U.S. Department of Transportation
Office of Public Affairs
FOR IMMEDIATE RELEASE
Thursday, August 24, 2000
Contact: Dave Longo
Secretary Slater Announces
Tough New Safety Rule For
Shutting Down Unfit Motor Carriers
Invoking law that gives
the U.S. Transportation Department tough enforcement power for improving safety,
U.S. Transportation Secretary Rodney E. Slater today announced a major change to
the fitness procedures of the Federal Motor Carrier Safety Regulations. The
change will require all "unfit" motor carriers to improve or stop
operating their trucks and buses in interstate commerce.
"This rule will save
lives by applying our fitness standard to all large trucks, instead of only
passenger buses and trucks hauling hazardous materials," Secretary Slater
said. "This strong enforcement tool provided for by TEA-21 will help in our
efforts to reduce truck- and bus-related deaths by half in the next 10 years and
improve safety, which is President Clinton and Vice President Gore's highest
This action, a final rule
that becomes effective on Nov. 20, 2000, prohibits any motor carrier found to be
unfit from operating commercial motor vehicles in interstate commerce. It
applies powers provided by the Transportation Equity Act for the 21st century
(TEA-21). Previously established motor carrier safety regulations provided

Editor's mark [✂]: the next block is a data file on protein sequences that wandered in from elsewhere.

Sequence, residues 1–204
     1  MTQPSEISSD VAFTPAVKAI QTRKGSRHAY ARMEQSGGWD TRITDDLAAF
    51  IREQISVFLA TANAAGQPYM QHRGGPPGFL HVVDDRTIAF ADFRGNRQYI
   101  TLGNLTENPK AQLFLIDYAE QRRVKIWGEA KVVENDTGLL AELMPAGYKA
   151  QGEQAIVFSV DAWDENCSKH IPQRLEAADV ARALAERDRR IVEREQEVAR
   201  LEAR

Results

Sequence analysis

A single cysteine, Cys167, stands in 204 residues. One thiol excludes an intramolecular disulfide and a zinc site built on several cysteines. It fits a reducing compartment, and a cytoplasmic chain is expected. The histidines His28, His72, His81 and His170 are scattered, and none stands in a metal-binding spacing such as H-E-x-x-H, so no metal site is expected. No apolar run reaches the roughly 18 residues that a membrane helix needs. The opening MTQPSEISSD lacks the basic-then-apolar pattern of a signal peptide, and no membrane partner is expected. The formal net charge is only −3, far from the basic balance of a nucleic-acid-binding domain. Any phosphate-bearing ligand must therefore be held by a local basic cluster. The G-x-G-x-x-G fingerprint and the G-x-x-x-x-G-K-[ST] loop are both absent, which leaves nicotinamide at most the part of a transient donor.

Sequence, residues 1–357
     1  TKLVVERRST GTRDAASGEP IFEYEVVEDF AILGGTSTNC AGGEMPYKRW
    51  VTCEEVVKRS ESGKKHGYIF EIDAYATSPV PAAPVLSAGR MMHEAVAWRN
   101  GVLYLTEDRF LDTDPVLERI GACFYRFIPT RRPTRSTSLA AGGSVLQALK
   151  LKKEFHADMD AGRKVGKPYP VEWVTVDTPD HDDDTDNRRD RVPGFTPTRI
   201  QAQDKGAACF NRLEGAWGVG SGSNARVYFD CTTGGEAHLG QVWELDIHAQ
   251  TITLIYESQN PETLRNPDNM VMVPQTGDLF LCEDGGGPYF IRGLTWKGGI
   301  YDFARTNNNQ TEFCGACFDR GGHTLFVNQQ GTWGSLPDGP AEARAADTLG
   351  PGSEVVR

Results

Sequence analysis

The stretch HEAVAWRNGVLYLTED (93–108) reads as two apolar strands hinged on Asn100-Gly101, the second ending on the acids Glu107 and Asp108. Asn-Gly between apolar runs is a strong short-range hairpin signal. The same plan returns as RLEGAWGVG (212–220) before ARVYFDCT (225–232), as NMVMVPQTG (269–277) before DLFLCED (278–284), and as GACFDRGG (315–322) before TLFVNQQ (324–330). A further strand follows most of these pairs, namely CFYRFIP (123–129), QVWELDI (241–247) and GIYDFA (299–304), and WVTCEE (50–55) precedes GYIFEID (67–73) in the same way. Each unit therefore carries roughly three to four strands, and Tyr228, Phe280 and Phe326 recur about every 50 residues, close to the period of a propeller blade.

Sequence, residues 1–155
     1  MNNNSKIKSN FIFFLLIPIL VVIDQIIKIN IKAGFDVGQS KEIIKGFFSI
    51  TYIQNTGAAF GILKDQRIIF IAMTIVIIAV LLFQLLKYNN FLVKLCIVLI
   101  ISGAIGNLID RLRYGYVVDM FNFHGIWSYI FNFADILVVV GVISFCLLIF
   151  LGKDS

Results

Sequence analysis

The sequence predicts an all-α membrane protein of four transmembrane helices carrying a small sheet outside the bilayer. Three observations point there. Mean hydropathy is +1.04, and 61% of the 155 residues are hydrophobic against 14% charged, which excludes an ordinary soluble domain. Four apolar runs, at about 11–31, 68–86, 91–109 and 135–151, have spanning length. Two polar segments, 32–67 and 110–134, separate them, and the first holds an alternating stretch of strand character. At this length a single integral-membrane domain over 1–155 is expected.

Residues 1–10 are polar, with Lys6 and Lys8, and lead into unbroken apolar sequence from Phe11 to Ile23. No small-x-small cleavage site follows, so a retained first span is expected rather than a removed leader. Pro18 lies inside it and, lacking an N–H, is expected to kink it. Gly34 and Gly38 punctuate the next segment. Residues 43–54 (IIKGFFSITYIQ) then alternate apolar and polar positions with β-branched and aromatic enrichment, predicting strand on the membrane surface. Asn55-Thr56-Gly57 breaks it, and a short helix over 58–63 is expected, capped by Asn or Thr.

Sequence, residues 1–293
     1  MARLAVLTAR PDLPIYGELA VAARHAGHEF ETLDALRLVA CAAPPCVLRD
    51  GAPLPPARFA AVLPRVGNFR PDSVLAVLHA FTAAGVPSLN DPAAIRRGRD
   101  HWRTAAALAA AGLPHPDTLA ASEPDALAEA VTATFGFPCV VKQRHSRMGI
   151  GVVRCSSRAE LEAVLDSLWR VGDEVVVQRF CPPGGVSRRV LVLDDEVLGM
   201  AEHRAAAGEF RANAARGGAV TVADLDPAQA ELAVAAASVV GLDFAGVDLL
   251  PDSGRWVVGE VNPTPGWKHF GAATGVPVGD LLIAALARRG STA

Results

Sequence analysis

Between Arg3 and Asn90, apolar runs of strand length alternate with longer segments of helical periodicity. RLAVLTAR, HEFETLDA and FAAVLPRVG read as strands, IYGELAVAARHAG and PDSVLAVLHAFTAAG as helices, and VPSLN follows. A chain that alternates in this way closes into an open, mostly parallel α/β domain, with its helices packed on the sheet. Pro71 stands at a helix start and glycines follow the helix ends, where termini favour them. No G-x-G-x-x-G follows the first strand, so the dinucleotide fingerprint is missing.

shutdown procedures only for passenger and hazardous material (HAZMAT) carriers
with unsatisfactory ratings.
Under this amended rule,
the FMCSA will consider an unsatisfactory safety rating a determination that a
carrier is unfit. An unsatisfactory safety rating means that a motor carrier
does not have adequate safety controls in place. These safety ratings are
assigned by safety investigators as a result of compliance reviews during which
federal regulatory violations are discovered and on-the-road performance factors
"This change provides
FMCSA powerful leverage to force unsafe carriers to comply with federal safety
regulations," FMCSA Acting Deputy Administrator Clyde J. Hart Jr. said.
Key features of the final
rule include the following:
Most motor carriers will
have 60 days after the FMCSA makes a determination of unfitness to improve their
safety fitness or cease operations. The agency may extend the compliance period
another 60 days only if the motor carrier is making a good faith effort to
improve its safety fitness.
Passenger and HAZMAT
carriers will continue to have 45 days to correct deficiencies.
The regulation will not
be applied retroactively. It applies only to motor carriers rated
unsatisfactory on or after the effective date of the final rule.
Carriers holding an
unsatisfactory rating at the time the rule becomes effective are not subject
to immediate shutdown. However, if, after a follow-up visit, the carrier
still is unfit as determined by a safety regulator, the new provisions will
Under a provision of
TEA-21, federal agencies will be prohibited from using a motor carrier to
provide interstate transportation if it has been rated unsatisfactory on or
after the effective date of a final rule.
The final rule was in the
Aug. 22, 2000 Federal Register under Docket No. OMCS-99-5467 (formerly Docket
No. FHWA-99-5467). This change was proposed in a Federal Register notice on Aug.
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